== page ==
Oh, oatcakes, you can make oatcakes. Personally, I'd rather eat kitchen towels, a more convenient way to remove moisture from my mouth. I suppose you could use oats to make textured pictures as part of a collage, if you run out of sand and pasta, or indeed together with sand and pasta - although I suspect you would need gallons of glue.
You can use oats as a coating too, instead of breadcrumbs.
Aren't they used as a facial scrub sometimes (with water)?
I've no idea why they get horses/ponies etc frisky, but apparently they do. I've tried it and it didn't work for me. But don't let that stop you.
Anyway, for reasons that would take too long to explain, I've got an awful lot of oats in the cupboard. And it isn't because I've been trying to pep up my love life, or that my pony has died. Now, I hate porridge but my family doesn't, sadly the oats I have in plenty are the jumbo variety, and I'm told they don't make good porridge or rather when used in porridge the slime factor isn't uniform enough or something. I'm not eating it, can't say. So what to do? Flapjacks is the only answer.
I use a roasting tin, lined with baking parchment. It measures 8x12" (20x30cm). So, adjust the quantities according to the size of your tin. Or use a tin the same size as mine.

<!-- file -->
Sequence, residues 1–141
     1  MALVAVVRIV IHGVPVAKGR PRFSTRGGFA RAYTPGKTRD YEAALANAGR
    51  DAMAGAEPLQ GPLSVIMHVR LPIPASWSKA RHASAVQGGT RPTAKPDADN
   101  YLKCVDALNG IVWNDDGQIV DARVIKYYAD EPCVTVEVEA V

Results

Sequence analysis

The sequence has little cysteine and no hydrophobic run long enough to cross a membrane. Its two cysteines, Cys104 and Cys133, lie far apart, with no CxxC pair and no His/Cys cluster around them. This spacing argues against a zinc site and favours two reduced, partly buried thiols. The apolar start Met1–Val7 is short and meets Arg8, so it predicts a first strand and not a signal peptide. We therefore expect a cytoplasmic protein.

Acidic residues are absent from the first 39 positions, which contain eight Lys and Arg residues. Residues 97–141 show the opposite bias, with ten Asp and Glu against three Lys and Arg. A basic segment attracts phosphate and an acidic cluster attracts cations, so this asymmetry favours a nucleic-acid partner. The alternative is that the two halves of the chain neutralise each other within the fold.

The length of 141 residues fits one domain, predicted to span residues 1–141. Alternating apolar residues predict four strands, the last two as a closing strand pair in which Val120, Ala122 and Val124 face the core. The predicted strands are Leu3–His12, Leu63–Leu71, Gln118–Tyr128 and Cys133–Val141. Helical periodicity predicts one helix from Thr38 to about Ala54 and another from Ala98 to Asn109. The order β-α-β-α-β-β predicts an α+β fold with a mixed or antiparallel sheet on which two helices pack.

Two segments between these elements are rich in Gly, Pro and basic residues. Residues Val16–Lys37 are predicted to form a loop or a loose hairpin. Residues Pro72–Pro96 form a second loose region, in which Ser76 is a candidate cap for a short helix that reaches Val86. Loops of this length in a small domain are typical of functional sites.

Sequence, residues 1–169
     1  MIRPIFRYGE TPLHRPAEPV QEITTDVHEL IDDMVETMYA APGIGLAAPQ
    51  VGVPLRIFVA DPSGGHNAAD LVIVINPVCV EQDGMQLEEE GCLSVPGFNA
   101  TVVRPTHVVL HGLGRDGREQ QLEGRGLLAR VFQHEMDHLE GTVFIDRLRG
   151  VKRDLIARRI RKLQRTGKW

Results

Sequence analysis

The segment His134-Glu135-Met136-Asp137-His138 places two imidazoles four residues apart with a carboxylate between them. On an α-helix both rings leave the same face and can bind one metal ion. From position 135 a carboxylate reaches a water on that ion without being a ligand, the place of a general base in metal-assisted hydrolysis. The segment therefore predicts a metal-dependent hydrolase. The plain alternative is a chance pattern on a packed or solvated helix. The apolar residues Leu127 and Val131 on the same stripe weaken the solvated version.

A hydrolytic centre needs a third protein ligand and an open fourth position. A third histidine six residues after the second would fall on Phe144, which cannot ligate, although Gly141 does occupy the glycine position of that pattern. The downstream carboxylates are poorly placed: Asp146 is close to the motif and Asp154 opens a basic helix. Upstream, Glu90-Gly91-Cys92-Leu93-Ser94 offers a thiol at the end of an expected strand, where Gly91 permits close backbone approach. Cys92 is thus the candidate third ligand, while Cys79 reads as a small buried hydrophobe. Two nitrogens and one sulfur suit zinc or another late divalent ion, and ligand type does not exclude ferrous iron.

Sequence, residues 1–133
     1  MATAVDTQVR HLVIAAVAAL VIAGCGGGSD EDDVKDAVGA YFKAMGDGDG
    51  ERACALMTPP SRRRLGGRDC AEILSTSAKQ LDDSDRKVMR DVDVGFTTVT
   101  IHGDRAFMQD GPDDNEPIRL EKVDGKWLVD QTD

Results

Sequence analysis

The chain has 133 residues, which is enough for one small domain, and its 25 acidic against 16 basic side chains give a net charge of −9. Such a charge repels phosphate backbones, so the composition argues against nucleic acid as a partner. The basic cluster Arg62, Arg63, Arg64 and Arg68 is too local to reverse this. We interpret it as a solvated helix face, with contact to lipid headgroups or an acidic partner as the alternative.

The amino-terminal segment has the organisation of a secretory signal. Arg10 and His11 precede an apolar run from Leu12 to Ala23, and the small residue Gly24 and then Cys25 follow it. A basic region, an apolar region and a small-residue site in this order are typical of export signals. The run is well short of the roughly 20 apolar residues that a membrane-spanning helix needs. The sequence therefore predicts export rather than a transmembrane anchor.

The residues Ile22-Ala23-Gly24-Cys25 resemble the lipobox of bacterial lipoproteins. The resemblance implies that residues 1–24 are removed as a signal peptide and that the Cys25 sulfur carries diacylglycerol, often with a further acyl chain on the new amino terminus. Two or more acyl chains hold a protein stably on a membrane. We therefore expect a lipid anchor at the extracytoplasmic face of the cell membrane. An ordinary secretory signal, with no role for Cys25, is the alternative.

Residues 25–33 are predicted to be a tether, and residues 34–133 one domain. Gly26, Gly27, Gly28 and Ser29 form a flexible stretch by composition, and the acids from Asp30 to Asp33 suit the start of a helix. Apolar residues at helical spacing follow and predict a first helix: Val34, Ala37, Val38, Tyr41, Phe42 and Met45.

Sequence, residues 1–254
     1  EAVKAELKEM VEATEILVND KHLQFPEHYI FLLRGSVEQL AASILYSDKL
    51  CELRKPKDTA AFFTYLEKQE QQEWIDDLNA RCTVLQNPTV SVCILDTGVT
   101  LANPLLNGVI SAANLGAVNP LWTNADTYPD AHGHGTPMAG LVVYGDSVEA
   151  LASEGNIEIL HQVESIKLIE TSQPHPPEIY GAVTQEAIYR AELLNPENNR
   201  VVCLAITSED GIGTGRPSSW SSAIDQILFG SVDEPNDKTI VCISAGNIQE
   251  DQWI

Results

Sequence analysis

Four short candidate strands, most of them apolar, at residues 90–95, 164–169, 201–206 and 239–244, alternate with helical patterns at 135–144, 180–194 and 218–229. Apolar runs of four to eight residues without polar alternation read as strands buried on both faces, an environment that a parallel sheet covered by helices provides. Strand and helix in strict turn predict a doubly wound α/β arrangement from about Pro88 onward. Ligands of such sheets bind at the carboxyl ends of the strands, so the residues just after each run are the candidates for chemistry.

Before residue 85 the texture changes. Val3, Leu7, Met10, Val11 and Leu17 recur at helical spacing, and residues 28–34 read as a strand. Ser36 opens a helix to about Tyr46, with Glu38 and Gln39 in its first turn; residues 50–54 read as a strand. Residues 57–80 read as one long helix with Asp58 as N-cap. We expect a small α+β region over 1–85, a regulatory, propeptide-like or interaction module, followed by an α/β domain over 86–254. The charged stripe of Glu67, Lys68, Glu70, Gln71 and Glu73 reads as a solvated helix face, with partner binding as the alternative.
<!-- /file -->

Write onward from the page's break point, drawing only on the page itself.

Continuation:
What is baking parchment? It's greaseproof paper's baby brother, probably the result of space technology, like teflon. It is non-stick. If you haven't got any, grease the tin very well, or use the old stalwart, greaseproof paper, which you should also grease. What's the point of that? It makes the tin easier to clean, and helps you get the flapjacks out of the tin more easily as well.
- scrunching up the paper makes it sit easier in the pan
- using enough paper to reach the edge of the tray makes it easier to get everything out
- you can use up the ends of packets of mueslie as part of your flapjacks
200g butter or margarine
100g soft brown sugar
200g golden syrup
Set your oven to Gas Mark 5/375/190
Line your baking tin with baking parchment.
- On a low hear, gently melt the butter/marg in a saucepan. Once it has melted. Add the sugar and golden syrup, keeping the heat low, stirring all the time.
- If you let it bubble it may start to crystallise, and not mix completely with the oats.
- Once everything in the pan is melted and mixed up nicely stir in the oats, until the liquid coats the oats evenly. Stir the oat mixture up well, so that the oats soak up the liquid well.
- Put the sticky oat mixture into the tin, spreading it evenly to the edges and tamping it down, to make it an even depth.
- Cook for 20-30 minutes, until the surface of the mixture is slightly golden.
- Take out of the over and allow to cool.
- When flapjacks are tepid, cut into squares, using a sharp knife. If you cut from the outside edge into the middle, it'll be a cleaner cut.
If you fancy it you can add nuts and/or dried fruit. Up to 150g in weight should do it.